I just opened a bottle of 28 year old Scotch distilled at Glenglassaugh Distillery. A bottle I’ve held on to since I bought it in September of 2005 in a London whisky shop. It was distilled just before Christmas, 1976. Ten years after this whisky was placed into a cask to mature, the distillery was mothballed after 111 years of making whisky. The elixir in this bottle has been waiting to be imbibed for nearly 37 years. And here, on a warm Los Angeles night in October 2013, it is finally fulfilling its purpose.
Why tonight? Why not later this week? Or six years ago? Or 15 years from now? The answer, my friends, is because now is the right time to drink it.
Timing, timing, timing is everything. In life. In whisky. In living. In drinking. Whisky making is a delicate dance of timing. Mess up the fermentation time, the distillation time, or the time you keep a whisky in a cask and the entire effort is wasted. And lord knows that timing is crucial for life. The wrong place at the wrong time, the right place at the right time, the nick of time, timing is off, just in time – our language is filled with idioms that capture our fascination with the capricious nature of time.
I said goodbye tonight to someone that I barely had time to know. Emily and I met for the first time a month ago when we talked for two hours over drinks. The fact that I was able to converse at all is a minor miracle. I spent the first ten minutes with my head voice screaming, “Good lord she’s beautiful!” at neuron rattling volume. But, talk we did. It wasn’t one of those conversations that leave you shaken to the core with the “wow” of an intense connection (which are, ultimately, often short-lived). Rather, it was a fun conversation. An easy flow. But, there was an undertone of energy led me to recognize we were kindred spirits. We were fellow curiousity seekers, rabble-rousers, secret door openers and risk embracers. The kind of people who could say the most hilarious thing at the most inappropriate time and be unable to contain our laughter, even with the rest of the room looking on in horror.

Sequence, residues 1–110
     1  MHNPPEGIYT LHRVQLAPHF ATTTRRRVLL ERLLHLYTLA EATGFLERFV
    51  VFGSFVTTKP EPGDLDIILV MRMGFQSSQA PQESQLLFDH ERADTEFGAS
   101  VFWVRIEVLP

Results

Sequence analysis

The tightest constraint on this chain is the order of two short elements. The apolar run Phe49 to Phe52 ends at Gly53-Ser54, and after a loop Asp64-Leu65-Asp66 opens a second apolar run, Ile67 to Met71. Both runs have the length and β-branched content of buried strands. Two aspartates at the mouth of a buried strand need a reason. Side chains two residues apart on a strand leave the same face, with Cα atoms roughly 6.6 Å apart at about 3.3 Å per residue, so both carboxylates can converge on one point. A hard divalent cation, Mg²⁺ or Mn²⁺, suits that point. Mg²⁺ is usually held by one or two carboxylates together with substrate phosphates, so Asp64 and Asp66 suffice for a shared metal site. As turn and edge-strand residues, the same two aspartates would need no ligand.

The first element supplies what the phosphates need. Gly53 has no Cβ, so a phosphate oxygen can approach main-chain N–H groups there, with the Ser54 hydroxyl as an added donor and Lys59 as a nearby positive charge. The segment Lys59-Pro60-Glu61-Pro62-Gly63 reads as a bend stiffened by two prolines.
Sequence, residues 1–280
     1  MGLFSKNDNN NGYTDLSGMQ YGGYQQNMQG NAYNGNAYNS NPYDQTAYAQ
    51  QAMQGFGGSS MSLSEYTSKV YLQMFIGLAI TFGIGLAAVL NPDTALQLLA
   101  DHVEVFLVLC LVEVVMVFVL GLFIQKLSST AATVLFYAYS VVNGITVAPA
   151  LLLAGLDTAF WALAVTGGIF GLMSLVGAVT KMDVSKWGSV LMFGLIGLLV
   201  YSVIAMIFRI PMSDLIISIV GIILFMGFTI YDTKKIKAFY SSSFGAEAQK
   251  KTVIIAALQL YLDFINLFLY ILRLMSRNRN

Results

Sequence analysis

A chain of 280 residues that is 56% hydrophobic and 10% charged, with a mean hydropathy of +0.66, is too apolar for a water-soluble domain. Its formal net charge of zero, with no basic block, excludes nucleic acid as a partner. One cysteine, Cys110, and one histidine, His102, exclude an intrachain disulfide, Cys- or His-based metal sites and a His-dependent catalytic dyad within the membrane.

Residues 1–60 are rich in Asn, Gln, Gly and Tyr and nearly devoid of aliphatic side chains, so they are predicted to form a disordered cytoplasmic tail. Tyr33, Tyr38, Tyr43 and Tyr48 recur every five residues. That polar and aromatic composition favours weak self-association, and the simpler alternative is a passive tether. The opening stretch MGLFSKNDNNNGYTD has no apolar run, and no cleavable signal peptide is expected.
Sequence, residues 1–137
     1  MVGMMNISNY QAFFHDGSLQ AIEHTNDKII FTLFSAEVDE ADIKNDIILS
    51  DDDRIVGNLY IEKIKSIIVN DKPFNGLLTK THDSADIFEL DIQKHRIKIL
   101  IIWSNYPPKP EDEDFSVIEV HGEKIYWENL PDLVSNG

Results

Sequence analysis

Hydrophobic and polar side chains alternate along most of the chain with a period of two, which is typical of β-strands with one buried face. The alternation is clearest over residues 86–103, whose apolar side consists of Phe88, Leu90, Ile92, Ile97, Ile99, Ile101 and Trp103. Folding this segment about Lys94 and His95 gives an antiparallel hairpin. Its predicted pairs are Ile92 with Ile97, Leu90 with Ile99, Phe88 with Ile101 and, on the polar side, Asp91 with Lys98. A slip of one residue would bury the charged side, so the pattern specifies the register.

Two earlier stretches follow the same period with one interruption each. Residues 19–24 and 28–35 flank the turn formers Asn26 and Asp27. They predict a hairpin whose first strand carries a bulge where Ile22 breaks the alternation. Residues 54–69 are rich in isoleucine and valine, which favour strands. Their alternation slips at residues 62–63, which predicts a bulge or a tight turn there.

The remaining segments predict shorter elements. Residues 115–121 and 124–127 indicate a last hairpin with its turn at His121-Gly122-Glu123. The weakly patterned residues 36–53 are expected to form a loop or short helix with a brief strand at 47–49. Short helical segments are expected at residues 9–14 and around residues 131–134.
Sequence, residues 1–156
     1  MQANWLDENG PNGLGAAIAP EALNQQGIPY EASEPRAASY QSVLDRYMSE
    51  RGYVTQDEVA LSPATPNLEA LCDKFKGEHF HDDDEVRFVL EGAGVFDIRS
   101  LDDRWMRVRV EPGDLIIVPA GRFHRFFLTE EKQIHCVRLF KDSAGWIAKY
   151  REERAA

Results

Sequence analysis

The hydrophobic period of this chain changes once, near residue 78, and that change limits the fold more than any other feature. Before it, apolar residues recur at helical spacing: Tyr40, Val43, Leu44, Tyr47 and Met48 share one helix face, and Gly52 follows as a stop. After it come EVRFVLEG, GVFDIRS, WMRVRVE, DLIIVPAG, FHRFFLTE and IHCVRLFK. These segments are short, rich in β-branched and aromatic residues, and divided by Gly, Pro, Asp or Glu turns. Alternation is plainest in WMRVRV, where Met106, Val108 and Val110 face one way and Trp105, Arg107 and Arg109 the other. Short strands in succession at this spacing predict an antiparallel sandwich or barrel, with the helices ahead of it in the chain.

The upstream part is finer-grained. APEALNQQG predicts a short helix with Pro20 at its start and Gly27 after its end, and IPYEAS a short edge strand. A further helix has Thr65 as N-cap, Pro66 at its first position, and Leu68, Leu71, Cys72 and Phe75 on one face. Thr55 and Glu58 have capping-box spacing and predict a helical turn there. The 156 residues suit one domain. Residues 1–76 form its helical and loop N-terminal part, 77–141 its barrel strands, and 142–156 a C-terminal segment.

Something about her transported me back in time. I felt like I was 15 with all the nervousness that accompanies a boy when the pretty girl from Spanish class calls and he answers the phone all a’flutter and a’flubbing. OK. That’s a little Rob revisionism. If the pretty girl from Spanish class had called me I wouldn’t be here today because my heart would have ceased to beat from the shock. Thankfully, I outgrew that nervousness years ago. In fact, this summer I went out for drinks with a famous actress. I was suave, smooth, calm and cool as ice. But, get me on ice with Emily, as happened on our second date of ice skating, and I felt like I was back in the junior high roller rink days of trying to avoid smashing into small kids due to being too distracted by the hottie near me.
The ice skating was followed an evening of rye whiskey cocktails (and a quick lesson about LDI) and Korean fusion tacos. And, it was filled with more fun, twisted conversation and the same undertone of kindred energy I’d detected before. The night was delightful. I knew that, given time, exploring the person beneath her eclectic exterior would be a journey worth taking.
A few days after our ice dance, she told me her company had informed her that she was being transferred out of state. She’d be leaving in a week.
The same weekend Emily was to bid farewell to me and others in LA, some of my favorite whisky personalities were saying hello to each other in New York at WhiskyFest. Many of them were meeting in person for the first time after years of sharing thoughts, insights, jokes and playful insults with each other online. They each came into the world of whisky from different places at different times, but the threads they wove together formed what is now known as the Whisky Fabric: “an energy field created by all living things. It surrounds us and penetrates us; it binds the galaxy together.”